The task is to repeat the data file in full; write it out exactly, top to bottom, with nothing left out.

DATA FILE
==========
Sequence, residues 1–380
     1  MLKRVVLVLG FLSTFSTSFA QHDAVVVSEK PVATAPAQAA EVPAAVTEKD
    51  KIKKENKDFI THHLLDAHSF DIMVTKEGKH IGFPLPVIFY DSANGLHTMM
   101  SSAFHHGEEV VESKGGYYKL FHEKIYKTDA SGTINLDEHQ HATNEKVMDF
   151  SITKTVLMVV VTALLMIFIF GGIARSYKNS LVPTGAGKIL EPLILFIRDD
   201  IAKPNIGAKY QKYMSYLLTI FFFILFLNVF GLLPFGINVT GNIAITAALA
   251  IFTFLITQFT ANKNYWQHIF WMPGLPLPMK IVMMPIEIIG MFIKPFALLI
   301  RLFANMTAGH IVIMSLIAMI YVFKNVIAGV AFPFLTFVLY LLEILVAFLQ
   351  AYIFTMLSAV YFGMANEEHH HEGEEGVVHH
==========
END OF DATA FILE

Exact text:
Sequence, residues 1–380
     1  MLKRVVLVLG FLSTFSTSFA QHDAVVVSEK PVATAPAQAA EVPAAVTEKD
    51  KIKKENKDFI THHLLDAHSF DIMVTKEGKH IGFPLPVIFY DSANGLHTMM
   101  SSAFHHGEEV VESKGGYYKL FHEKIYKTDA SGTINLDEHQ HATNEKVMDF
   151  SITKTVLMVV VTALLMIFIF GGIARSYKNS LVPTGAGKIL EPLILFIRDD
   201  IAKPNIGAKY QKYMSYLLTI FFFILFLNVF GLLPFGINVT GNIAITAALA
   251  IFTFLITQFT ANKNYWQHIF WMPGLPLPMK IVMMPIEIIG MFIKPFALLI
   301  RLFANMTAGH IVIMSLIAMI YVFKNVIAGV AFPFLTFVLY LLEILVAFLQ
   351  AYIFTMLSAV YFGMANEEHH HEGEEGVVHH